Canoeists criticised after rescue

Twelve canoeists rescued after getting into difficulty off the Dorset coast have been criticised by the coastguard for having no way of raising the alarm.

Two RNLI lifeboats and two nearby boats rescued the 12 canoeists
Two RNLI lifeboats and two nearby boats rescued the 12 canoeists

The group, who were not injured, were "fortunate" to be spotted by a nearby diving boat after six of them capsized near Old Harry Rocks, Portland Coastguard said.

The alarm was raised by a boat called Skua, who sent an emergency message to the coastguard when it spotted the canoeists in danger yesterday.

It was joined by another nearby boat, Playtime, and two RNLI lifeboats which rescued nine of the group and escorted the remaining three back to Knoll Beach in Studland.

Ros Evans, Portland Coastguard watch manager, warned it was " imperative " that boaters had the experience and training to cope with the water before setting out.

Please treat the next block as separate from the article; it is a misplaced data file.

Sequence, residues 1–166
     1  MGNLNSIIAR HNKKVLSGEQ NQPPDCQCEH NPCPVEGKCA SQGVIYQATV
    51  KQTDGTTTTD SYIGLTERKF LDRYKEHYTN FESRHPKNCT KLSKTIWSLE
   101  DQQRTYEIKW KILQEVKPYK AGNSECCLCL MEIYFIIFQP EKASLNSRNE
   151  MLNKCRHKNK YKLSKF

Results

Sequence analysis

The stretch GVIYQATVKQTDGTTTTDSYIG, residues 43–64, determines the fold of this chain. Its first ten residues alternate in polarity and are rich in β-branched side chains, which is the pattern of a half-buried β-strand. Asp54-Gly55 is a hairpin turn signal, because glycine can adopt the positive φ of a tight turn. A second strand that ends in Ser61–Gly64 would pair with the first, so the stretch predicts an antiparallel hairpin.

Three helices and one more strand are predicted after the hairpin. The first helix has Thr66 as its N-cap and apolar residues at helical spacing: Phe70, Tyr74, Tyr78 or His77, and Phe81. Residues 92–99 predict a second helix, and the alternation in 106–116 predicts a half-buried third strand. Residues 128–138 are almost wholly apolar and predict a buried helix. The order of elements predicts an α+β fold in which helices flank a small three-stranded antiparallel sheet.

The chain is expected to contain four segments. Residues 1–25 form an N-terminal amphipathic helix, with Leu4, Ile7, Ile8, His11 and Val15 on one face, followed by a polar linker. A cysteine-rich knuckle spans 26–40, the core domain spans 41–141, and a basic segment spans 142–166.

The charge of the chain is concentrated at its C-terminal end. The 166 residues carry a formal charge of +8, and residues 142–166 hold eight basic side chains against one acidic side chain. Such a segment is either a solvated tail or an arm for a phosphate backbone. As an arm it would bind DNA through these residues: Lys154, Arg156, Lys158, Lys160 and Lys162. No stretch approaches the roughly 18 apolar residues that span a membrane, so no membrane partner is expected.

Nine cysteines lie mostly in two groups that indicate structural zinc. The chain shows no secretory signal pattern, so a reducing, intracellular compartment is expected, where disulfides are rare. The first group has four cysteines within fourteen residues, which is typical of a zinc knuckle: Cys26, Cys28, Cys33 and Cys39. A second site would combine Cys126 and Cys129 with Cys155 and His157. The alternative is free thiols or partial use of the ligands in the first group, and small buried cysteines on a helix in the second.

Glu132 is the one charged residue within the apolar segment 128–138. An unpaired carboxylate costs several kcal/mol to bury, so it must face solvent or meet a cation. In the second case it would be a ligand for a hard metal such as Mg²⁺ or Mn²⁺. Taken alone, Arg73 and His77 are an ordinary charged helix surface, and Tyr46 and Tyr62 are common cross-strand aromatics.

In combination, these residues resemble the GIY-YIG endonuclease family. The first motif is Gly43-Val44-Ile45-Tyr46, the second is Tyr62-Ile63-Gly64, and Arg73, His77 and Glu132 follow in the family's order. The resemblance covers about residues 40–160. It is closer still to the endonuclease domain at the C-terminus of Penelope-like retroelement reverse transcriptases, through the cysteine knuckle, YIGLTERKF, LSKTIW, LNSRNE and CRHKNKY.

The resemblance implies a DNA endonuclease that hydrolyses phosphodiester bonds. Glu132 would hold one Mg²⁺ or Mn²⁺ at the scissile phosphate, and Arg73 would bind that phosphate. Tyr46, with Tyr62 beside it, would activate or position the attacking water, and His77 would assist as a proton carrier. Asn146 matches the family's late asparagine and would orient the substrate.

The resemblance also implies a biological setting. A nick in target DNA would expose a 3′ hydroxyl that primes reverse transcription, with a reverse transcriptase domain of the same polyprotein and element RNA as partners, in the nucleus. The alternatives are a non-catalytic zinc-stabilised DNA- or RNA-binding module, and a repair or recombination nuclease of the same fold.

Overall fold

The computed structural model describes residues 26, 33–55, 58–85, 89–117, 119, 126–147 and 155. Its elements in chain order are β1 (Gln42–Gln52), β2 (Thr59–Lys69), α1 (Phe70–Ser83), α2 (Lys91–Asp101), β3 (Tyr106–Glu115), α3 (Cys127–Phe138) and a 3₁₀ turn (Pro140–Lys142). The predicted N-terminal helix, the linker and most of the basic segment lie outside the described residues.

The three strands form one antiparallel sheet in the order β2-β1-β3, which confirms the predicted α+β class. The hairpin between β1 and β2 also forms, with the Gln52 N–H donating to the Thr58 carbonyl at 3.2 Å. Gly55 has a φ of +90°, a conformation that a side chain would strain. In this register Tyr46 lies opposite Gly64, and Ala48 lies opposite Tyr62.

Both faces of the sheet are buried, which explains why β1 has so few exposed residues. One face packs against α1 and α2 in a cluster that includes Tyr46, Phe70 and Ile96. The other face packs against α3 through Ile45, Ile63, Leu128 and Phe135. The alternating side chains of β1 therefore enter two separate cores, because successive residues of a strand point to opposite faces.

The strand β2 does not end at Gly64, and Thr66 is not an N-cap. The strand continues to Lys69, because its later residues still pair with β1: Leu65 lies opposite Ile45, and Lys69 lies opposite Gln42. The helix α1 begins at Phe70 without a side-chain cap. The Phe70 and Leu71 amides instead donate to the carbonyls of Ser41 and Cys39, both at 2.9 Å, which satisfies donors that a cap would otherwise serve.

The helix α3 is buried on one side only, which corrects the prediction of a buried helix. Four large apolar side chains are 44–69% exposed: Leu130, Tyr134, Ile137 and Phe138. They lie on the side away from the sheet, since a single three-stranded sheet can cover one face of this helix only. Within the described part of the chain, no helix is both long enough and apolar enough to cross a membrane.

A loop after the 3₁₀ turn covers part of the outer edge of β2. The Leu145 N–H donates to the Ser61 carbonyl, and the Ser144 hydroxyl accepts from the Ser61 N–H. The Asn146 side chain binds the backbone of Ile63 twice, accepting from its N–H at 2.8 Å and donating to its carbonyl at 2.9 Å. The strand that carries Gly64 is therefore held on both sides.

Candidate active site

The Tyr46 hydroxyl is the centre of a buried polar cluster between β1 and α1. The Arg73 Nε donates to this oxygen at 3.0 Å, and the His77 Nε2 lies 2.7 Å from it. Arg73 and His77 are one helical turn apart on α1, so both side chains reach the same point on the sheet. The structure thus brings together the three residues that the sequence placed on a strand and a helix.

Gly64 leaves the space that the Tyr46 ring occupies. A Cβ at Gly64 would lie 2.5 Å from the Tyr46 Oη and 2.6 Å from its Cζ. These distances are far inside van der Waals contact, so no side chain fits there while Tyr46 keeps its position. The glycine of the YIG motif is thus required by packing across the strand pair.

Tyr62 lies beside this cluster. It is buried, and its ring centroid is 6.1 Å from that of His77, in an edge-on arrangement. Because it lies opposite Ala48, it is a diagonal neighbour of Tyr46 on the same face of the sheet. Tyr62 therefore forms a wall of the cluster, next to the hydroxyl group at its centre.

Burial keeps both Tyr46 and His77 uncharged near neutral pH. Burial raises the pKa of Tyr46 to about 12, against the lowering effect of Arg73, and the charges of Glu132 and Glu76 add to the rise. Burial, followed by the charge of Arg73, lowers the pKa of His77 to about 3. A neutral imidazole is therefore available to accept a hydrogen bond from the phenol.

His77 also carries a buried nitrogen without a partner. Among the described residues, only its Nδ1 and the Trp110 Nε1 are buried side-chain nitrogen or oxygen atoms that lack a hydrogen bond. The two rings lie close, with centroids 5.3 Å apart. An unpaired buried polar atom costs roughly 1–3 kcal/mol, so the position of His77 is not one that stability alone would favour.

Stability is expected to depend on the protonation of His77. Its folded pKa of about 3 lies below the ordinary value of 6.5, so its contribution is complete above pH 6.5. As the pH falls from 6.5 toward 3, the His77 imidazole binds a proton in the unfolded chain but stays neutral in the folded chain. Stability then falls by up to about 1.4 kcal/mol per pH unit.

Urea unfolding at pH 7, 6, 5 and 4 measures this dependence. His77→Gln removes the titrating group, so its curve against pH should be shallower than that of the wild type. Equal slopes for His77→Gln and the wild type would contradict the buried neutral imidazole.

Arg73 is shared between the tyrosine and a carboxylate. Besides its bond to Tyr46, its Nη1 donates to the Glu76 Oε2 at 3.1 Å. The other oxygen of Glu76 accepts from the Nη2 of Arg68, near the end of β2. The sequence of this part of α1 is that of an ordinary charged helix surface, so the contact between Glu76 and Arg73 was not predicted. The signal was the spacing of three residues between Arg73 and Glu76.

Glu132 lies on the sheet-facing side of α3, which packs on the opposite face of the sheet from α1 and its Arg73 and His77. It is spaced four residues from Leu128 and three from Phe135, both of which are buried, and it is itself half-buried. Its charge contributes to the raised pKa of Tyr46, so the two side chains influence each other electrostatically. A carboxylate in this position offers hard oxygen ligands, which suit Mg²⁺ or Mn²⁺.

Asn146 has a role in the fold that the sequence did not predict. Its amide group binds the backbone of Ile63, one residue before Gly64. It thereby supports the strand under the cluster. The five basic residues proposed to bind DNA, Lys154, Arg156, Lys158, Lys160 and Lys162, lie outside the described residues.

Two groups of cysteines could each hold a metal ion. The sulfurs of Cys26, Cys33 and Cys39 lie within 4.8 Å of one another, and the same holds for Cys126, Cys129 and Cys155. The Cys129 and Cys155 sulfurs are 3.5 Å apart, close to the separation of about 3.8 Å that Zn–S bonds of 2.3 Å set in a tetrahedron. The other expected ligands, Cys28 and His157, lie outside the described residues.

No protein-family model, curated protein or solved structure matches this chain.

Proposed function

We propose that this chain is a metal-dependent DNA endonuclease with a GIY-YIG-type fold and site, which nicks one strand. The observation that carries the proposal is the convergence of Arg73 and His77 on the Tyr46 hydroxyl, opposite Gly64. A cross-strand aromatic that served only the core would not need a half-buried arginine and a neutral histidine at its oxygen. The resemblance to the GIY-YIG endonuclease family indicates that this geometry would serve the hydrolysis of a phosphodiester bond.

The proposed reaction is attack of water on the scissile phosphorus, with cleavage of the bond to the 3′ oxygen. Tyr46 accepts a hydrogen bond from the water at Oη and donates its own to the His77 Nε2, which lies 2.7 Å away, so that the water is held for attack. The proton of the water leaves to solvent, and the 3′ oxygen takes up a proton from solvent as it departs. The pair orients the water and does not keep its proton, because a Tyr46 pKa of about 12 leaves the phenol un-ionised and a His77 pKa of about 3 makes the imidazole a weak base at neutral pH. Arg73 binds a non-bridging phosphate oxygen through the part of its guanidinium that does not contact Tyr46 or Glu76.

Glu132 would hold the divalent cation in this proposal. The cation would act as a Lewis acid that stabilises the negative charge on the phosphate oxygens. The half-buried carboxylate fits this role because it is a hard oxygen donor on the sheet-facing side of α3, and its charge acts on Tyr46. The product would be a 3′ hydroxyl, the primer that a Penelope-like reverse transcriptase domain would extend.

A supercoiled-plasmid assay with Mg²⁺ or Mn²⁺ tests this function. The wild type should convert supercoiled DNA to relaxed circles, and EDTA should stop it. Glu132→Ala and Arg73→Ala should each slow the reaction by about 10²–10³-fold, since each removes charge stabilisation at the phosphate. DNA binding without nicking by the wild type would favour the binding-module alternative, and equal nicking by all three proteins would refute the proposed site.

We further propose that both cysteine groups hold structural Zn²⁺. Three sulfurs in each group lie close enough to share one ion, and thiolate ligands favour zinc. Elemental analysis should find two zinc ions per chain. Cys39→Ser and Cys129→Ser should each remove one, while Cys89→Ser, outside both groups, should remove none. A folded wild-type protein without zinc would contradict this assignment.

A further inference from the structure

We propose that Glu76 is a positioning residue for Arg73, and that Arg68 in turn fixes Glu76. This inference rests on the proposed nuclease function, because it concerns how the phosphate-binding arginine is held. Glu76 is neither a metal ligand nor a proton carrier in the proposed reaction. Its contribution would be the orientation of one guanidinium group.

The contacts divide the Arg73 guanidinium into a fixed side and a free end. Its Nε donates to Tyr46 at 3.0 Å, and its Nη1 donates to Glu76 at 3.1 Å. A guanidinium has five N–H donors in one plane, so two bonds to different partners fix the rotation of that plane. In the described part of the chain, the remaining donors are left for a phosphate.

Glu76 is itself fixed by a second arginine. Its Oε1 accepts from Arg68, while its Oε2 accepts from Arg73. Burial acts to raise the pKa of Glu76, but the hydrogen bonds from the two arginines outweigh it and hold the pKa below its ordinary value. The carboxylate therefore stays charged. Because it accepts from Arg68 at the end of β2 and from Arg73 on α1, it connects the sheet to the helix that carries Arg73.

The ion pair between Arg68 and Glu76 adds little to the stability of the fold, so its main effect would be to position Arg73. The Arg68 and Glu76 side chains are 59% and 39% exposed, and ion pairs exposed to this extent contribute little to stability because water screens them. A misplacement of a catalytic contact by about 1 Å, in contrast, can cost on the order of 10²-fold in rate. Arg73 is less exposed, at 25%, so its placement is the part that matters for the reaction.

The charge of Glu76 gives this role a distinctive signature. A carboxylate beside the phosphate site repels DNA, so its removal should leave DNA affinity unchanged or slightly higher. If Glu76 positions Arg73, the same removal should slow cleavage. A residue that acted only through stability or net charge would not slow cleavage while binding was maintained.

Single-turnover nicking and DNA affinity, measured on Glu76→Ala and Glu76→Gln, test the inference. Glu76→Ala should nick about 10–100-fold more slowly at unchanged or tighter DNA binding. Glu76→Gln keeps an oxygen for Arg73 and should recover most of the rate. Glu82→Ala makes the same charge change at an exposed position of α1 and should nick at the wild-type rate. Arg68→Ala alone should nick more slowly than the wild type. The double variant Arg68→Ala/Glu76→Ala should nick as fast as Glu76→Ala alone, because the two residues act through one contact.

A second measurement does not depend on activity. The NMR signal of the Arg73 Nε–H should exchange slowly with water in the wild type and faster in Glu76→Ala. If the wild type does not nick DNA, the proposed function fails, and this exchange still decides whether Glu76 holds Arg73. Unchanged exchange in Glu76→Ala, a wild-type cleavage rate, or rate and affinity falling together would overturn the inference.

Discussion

"The 12 canoeists were out in difficult weather conditions, in easterly winds off Old Harry Rocks which has a notorious race and with the sea temperature still at winter levels," he said.

"They were dressed only in shorts and t-shirts. They were wearing buoyancy aids but appeared to have no other safety gear, no rescue equipment and most worryingly, no way of raising the alarm.

"They were fortunate that the Skua happened to be in the vicinity and was able to offer assistance, despite having divers in the water.

"We would recommend that all boaters wear a personal flotation device, appropriate to their sport, such as a lifejacket or buoyancy aid.

"It's imperative that the weather, sea conditions and tides are checked and that people ensure that they have the experience and training to be able to cope before setting out."

He added that it was essential to have a "way of calling for help" should the worst happen, including a VHF radio or marine distress flares or mini flares and a mobile phone as a back-up.